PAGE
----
The Fed's improved economic projections see US GDP fully rebounding by year-end 2021
Federal Reservepolicymakers expect the US to stage a full recovery in 2021, according to projections published Wednesday.
- The Federal Open Market Committee's median estimate for 2020 growth landed at -2.4%. The median expectation for 4.2% growth in 2021 fully offsets the pandemic-induced slump.
- Committee members expect the unemployment rate to fall to 5% next year from 6.7%. The rate isn't projected to reach pre-pandemic lows until 2023, according to the forecasts.
- The projections come alongside the
Fed's latest policy meeting. Central bank officials elected to hold interest rates near zero and maintain the current pace and composition of its asset purchases.
The Federal Reserve revealed new economic estimates on Wednesday that see the US
Federal Open Market Committee members expect US gross domestic product to contract 2.4% in 2020 before climbing 4.2% in 2021, according to projections published Wednesday. The forecast signals the country will fully recover to pre-pandemic levels by the end of next year. Growth is seen reaching 3.2% in 2022 and slowing further to 2.4% in 2023.
The committee's median estimate for 2020 unemployment reached 6.7%, implying December's nonfarm payrolls report won't bring an improvement to the rate. The Fed then expects unemployment to drop to 5% in 2021. The rate won't return to pre-pandemic lows until 2023, when the central bank expects it to reach 3.7%.
The estimates come alongside a relatively uneventful decision from the committee. Members decided to hold interest rates near zero and maintain their current pace and composition of asset purchases.
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"The Fed has made it clear that downside risks to the economy still persist in the coming months despite what financial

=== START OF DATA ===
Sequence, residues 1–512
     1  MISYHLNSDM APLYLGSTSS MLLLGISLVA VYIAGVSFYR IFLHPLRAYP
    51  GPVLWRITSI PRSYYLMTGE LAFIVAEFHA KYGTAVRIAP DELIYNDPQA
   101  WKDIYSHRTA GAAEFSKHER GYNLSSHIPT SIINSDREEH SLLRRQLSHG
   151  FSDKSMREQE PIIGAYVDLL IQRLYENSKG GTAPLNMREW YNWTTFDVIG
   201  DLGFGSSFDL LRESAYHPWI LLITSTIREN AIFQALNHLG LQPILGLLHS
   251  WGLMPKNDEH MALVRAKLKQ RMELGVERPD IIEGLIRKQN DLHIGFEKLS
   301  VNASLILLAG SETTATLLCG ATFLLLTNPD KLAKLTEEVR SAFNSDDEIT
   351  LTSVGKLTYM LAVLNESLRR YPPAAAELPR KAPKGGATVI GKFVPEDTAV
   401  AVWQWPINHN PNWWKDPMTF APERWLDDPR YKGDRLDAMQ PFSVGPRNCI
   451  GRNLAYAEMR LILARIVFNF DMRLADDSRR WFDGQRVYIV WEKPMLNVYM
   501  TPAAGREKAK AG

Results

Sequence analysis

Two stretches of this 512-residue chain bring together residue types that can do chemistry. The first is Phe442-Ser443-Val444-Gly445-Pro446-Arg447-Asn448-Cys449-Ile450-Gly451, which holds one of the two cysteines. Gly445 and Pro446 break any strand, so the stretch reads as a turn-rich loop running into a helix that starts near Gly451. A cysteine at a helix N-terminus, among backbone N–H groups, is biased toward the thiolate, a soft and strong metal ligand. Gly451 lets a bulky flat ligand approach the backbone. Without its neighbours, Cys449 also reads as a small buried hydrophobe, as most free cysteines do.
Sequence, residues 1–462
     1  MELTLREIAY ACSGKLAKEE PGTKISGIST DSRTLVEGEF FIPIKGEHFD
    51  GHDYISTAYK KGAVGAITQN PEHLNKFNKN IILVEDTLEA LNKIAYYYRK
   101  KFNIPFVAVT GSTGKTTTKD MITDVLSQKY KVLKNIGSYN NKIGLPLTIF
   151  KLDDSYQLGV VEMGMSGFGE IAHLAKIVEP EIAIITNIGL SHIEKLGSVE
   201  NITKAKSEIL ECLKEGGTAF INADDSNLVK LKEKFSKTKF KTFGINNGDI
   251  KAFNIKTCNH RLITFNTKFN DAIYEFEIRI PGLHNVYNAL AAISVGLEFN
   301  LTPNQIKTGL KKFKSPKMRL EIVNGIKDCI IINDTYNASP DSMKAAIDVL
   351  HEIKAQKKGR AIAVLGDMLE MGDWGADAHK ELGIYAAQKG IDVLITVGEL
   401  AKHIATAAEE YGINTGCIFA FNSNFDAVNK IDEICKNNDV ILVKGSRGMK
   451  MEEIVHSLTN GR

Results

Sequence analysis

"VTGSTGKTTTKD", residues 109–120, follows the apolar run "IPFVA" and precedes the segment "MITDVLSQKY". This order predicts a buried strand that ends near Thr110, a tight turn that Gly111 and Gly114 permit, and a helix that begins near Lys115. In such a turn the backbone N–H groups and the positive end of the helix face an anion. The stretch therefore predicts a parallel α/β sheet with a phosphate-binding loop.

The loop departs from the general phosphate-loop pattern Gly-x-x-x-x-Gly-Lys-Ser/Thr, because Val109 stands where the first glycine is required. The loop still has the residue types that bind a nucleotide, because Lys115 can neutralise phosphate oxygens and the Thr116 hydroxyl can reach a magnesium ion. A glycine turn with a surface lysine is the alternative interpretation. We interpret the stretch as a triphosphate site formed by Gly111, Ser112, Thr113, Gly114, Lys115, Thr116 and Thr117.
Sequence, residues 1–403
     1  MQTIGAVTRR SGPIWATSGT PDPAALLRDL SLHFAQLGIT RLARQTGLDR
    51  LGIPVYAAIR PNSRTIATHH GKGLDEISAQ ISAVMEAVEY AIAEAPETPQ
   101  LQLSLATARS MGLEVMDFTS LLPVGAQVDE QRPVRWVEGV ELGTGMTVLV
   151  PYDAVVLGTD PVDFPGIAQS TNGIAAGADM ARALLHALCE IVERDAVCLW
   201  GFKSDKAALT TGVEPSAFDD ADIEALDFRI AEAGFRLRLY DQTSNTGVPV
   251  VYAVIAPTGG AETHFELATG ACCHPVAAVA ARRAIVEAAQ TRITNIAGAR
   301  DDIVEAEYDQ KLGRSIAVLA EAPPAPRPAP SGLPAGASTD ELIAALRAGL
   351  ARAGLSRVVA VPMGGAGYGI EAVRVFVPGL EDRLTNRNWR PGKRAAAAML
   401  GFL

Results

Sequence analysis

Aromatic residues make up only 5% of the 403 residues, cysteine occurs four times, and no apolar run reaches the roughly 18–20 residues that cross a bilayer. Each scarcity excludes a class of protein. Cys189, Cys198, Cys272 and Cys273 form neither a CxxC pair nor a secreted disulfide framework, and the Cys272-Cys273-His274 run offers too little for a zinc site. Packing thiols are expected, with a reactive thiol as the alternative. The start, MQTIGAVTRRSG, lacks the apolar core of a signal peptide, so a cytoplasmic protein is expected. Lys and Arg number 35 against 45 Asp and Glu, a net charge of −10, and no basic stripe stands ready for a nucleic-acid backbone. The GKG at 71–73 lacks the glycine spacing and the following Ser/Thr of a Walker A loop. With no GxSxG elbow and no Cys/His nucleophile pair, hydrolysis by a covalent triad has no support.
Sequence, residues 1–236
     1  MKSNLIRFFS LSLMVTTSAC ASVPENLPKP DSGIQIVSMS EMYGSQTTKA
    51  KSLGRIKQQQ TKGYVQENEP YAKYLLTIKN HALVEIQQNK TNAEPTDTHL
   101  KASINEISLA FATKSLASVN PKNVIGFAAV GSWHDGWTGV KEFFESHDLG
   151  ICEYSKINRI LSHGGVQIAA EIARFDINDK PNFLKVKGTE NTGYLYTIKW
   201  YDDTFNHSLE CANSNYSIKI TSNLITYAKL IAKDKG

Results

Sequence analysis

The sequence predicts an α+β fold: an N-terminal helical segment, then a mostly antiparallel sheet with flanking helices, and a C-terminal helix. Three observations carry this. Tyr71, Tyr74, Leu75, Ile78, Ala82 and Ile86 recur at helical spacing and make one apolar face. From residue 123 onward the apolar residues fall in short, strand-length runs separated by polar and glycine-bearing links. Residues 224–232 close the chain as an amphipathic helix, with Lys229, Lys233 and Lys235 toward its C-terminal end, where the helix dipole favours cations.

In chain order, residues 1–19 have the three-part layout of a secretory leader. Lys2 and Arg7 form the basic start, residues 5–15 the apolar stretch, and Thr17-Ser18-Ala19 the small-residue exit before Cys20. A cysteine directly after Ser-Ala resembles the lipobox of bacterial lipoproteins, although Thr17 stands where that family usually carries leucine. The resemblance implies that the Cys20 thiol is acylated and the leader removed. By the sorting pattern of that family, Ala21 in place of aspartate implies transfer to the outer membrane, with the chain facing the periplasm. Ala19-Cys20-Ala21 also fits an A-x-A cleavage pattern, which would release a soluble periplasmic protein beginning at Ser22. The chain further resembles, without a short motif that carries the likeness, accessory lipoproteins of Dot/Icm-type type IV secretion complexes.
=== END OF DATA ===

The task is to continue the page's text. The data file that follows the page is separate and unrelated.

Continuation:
Some economists expected the central bank to either adjust its asset purchases or offer new guidance for the purchase program. Such updates are at least pushed back to the
The central bank currently buys $80 billion of Treasurys and $40 billion of mortgage-backed securities a month.
The Fed's Wednesday statement clarified that its asset purchases will continue at their current pace until "substantial further progress" is made toward reaching its inflation and employment goals. The central bank updated the targets in August, signaling it won't lift interest rates until the US achieves maximum employment and inflation trends above 2% for a period of time.
Federal Reserve Chairman Jerome Powell didn't specify which inflation or employment levels would trigger a change to its purchases. He noted in a press conference that the progress needed for an adjustment is still "some ways off."
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Powell also supported Congress's moves toward passing a new stimulus bill. Lawmakers have until the end of the week to reach a compromise before the federal government shuts down. Various news outlets reported earlier Wednesday that Congressional leaders are close to approving a nearly $900 billion package that includes direct payments and aid for small businesses.
The Fed chair endorsed such action, straying from his typical reluctance to comment on fiscal stimulus.
"With the expiration of some of the unemployment benefits, the expiration of eviction moratoriums, with the virus spreading the way it is, there's a need for households and businesses to have fiscal support," Powell said. "I certainly would welcome the work that Congress is doing right now."
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